Marx-Engels Correspondence 1893
Source: Science and Society Volume II, Number 3, 1938;
Translated and Edited: by Leonard E. Mins.
We were at the seashore for two weeks, in Eastbourne; we had splendid weather, and came back very much refreshed. Now we can get back to work. But now, to be sure, visiting time starts. Next Sunday (a week from tomorrow) there is the Brussels Conference regarding the Zurich Congress, so Bebel will drop in for a few days on his way back, and the Lafargues will come at about the same time. I am glad to have that youngster here again in order to talk over French affairs thoroughly with him. Still, enough time is left me to finish Volume III, as the chief difficulties are now behind me.
The matter of the Socialiste has been settled.
The silver business in America does not seem to be able to settle down otherwise than through a crash. Nor does Cleveland seem to have the power and courage to break the necks of this bribery ring. And it would be really good if things came to a head.
A nation — a young nation — so conceited about its “practice” and so frightfully dense theoretically as the Americans are, gets thoroughly rid of so deep-rooted a fixed idea only through its own sufferings. The plausible idea of imagining that there isn’t enough money in the world because one hasn’t any when one needs it — this childish idea common to the paper currency swindle à la Kellogg and to the silver swindle is most surely cured by experiment and bankruptcy, which may also take a course that is very favorable for us. If only some sort of tariff reform is effected this fall, you may be quite satisfied. The rest will follow; the main thing is that American industry is enabled to compete in the world market.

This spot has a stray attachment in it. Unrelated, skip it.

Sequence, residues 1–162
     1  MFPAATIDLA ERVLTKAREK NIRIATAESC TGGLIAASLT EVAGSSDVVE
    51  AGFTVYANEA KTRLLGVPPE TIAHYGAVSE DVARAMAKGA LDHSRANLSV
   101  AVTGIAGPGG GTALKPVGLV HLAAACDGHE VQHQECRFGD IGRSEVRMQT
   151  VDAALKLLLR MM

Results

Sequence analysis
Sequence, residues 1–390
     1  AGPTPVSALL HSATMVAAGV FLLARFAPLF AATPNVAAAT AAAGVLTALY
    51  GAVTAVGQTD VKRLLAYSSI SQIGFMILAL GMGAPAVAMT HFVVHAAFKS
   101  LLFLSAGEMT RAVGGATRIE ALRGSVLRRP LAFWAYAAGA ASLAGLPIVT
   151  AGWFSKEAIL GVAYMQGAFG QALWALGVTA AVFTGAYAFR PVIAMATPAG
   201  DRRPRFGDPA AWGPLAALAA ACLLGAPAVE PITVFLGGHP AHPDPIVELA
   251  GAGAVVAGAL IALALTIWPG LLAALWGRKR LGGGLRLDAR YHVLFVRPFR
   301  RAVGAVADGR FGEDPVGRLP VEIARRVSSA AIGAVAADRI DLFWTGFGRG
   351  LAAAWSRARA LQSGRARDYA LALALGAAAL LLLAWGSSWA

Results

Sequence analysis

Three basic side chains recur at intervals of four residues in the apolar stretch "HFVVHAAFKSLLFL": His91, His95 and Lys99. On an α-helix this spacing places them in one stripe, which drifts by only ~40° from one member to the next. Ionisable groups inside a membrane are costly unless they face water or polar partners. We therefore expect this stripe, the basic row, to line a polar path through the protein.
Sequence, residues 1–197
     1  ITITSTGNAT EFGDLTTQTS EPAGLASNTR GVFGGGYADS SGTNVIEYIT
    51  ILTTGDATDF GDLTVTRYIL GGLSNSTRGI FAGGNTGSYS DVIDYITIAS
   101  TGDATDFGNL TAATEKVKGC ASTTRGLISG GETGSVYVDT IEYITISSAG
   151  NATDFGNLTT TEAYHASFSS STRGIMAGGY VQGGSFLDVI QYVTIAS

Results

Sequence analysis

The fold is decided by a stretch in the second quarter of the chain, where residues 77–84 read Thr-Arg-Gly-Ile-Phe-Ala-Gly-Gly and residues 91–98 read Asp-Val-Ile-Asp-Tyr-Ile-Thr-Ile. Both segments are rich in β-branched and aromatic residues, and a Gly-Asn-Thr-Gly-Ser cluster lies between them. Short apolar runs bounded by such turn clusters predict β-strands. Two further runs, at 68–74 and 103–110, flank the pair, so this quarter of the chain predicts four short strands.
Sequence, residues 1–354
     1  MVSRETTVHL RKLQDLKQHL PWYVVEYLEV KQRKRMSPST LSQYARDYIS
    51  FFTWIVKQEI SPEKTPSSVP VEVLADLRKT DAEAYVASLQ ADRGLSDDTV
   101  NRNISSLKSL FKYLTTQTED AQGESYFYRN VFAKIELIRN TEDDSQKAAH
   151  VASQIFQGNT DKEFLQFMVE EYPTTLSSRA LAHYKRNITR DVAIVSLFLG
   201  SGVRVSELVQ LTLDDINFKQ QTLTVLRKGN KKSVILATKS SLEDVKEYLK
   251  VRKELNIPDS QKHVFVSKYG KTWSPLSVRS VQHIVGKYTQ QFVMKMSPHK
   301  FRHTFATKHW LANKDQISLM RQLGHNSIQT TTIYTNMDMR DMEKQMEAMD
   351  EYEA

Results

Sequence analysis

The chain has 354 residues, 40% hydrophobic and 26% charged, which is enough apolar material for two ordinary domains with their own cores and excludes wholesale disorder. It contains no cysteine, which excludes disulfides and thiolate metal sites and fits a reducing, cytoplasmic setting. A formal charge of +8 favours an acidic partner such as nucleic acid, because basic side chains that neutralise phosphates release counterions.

Here things are going very well. The masses are unmistakably in motion; you are getting the details from Aveling’s somewhat longwinded reports in the Volkszeitung. The best evidence is that the old sects are losing ground and must fall into line. The Social-Democratic Federation has actually deposed Mr. Hyndman; he is allowed to grumble and complain a bit about international politics here and there in Justice, but he is finished — his own people have found him out. The man provoked me personally and politically wherever he could for ten years; I never did him the honor of answering him, in the conviction that he was man enough to ruin himself, and in the end I have been justified. After all the ten years’ persecution they have recently asked Tussy to write reports on the international movement for Justice, which she refused to do, of course, as long as the infamous slanders that Justice has heaped on Aveling and her for years are not publicly withdrawn.